Delaware was a slave state during the Civil War (1861-1865), but it remained loyal to the Union and it voted against secession on January 3, 1861. As the governor stated, "Delaware had been the first state to embrace the Union by ratifying the Constitution and would be the last to leave it." While most Delawareans who fought in the war served in the regiments of the state, there were many who served in the Confederate Army in Maryland and Virginia. Delaware is notable for being the only slave state from which no Confederate regiments or militia units were assembled.
Delaware Governor William Burton (January 18, 1859 – January 20, 1863) was a democrat, but he maintained a cautious politcal stance. The aged Burton (October 16, 1789 – August 5, 1866) tried to steer a course down the middle of all the competing interests. Like a majority in the state, he was strongly sympathetic towards the South, and a strong opponent of abolition, but he opposed Delaware’s possible secession.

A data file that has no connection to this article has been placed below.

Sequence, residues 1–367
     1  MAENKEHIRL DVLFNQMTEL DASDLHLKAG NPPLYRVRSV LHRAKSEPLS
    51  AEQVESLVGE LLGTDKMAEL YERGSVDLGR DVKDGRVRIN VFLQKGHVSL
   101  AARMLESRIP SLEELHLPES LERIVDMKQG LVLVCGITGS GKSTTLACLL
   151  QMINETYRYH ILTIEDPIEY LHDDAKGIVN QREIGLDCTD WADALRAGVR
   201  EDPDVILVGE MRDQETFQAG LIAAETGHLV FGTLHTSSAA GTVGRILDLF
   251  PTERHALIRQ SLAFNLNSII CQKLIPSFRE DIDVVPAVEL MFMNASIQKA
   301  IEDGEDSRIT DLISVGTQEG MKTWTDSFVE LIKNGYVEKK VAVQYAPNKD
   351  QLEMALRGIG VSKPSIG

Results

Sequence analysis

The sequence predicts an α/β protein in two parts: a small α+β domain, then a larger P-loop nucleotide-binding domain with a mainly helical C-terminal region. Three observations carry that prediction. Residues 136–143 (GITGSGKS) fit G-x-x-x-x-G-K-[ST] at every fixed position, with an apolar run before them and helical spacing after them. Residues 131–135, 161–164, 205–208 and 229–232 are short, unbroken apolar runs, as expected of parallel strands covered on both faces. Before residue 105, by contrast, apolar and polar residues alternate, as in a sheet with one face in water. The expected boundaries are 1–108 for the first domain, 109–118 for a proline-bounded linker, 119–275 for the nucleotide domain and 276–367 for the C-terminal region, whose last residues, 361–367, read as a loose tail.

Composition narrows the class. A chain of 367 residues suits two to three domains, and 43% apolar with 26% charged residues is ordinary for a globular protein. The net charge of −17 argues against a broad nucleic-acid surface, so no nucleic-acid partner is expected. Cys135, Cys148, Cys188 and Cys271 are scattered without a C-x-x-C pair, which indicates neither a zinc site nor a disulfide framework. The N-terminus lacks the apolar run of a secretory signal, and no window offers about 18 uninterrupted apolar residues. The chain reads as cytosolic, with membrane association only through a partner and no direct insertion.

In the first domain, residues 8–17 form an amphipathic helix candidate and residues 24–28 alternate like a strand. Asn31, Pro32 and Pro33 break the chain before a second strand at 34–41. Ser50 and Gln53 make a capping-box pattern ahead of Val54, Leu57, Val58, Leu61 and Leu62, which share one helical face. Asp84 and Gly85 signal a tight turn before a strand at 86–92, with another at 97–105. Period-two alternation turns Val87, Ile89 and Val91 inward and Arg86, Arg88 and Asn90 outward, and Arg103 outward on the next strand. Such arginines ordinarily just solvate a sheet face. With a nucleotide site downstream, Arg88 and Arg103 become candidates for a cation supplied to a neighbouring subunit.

Delaware, according to the 1860 U.S. census, had a free population (including blacks) of 110,418 and an additional 1,798 in the bonds of slavery. The government of Delaware never formally abolished slavery; however, a large portion of the state's slaveowners voluntarily freed their slaves. Continue to Delaware Civil War History.